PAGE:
Microstructures and Mechanical Properties of Resistance Spot-Welded Steel/Aluminum Alloy Joints with Process Tapes

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Microstructures and Mechanical Properties of Resistance Spot-Welded Steel/Aluminum Alloy Joints with Process Tapes Yingying Che, Lei Wang, Daqian Sun, Hongmei Li, and Wenhua Geng (Submitted February 5, 2018; in revised form April 21, 2018; published online September 6, 2018) The microstructure and mechanical property of resistance spot-welded joints of steel and aluminum were studied by using process tapes. The steel/aluminum joint consists mainly of aluminum nugget and interface zone. The liquid nugget solidification has an epitaxial growth characteristic, and the interface zone displays a double-layer structure, Fe2Al5 layer at steel side and Fe4Al13 layer at aluminum nugget side. Compared with joints without process tape, the joint nugget diameter and tensile shear load increased by 35.45 and 10.98%, respectively, and its indentation ratio decreased by 56.25% due to the process tapes increasing heat input, producing larger nugget diameter and continuous interface layer, and protecting against deep indentation. The joining area of intermetallic layer and aluminum nugget is weak link in the joint. It is favorable to use the process tapes for improving welding quality, raising joint strength, and energy saving. Keywords

aluminum, Fe-Al intermetallic compounds, mechanical properties, microstructures, process tapes, resistance spot welding, steel

1. Introduction With the vigorous development of the global economy, reducing fuel consumption and gas emission has become a serious challenge for the automotive industry (Ref 1). Automotive lightweight is recognized as the most direct and effective way for that above, which has been a hot innovation topic of automobile manufacturers (Ref 2). Under the premise of ensuring the body safety, replacing steel with aluminum alloy to form a hybrid structure in the non-bearing parts of the automobile is a compromise between performance and cost (Ref 3). Consequently, the joining of dissimilar metals of steel and aluminum alloy has become the urgent problem to be solved due to their significant differences in physical and thermal properties and forming brittle Fe-Al intermetallics (IMC) at the steel/aluminum interface, which seriously deteriorates the mechanical properties of welded joints (Ref 4, 5). There are some research activities on the joining of steel and aluminum in recent years. The current methods are generally solid-state welding processes, such as the diffusion welding (Ref 6, 7), friction stir welding (Ref 8), ultrasonic welding (Ref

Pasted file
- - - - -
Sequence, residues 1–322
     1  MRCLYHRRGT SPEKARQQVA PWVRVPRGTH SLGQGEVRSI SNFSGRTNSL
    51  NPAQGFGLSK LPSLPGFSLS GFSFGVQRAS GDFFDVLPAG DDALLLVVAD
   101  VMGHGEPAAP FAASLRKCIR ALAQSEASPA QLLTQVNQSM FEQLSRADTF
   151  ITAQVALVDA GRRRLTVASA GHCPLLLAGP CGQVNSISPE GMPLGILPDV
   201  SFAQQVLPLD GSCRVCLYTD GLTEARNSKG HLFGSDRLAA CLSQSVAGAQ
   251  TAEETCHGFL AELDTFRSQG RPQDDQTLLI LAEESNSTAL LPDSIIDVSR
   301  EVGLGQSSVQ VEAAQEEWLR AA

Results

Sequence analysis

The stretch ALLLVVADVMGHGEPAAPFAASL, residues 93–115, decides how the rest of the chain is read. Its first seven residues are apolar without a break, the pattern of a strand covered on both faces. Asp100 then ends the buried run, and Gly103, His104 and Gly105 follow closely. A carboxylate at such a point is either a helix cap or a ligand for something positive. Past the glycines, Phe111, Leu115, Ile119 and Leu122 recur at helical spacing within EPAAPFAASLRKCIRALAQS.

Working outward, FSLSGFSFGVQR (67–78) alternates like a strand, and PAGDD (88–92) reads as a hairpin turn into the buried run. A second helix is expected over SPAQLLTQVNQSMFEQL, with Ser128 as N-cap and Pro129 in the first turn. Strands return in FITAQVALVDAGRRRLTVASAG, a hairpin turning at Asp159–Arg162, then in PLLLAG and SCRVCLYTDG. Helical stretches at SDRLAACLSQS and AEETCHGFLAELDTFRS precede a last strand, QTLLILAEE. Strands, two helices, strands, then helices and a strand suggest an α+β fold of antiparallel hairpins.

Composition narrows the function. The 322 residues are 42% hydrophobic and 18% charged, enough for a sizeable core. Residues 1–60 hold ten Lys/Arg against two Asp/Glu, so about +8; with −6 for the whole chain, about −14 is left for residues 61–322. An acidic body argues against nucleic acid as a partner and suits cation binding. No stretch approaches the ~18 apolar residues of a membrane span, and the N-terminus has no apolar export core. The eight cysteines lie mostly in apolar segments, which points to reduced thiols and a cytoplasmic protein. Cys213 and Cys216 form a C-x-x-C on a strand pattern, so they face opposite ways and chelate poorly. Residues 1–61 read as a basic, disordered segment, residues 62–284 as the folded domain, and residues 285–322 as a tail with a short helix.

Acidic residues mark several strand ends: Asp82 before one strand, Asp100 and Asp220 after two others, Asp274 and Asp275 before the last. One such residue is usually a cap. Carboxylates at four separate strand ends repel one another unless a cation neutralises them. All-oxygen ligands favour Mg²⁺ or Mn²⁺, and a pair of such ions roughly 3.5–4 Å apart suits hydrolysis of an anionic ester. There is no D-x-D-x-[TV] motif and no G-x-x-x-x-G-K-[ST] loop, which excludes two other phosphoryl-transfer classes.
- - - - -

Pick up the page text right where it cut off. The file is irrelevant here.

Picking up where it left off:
Yingying Che, Daqian Sun, Hongmei Li, and Wenhua Geng, Key Laboratory of Automobile Materials, Ministry of Education, School of Materials Science and Engineering, Jilin University, No. 5988 Renmin Street, Changchun 130025, PeopleÕs Republic of China; Lei Wang, Key Laboratory of Automobile Materials, Ministry of Education, School of Materials Science and Engineering, Jilin University, No. 5988 Renmin Street, Changchun 130025, PeopleÕs Republic of China; and Changchun Automobile Industry Institute, Changchu

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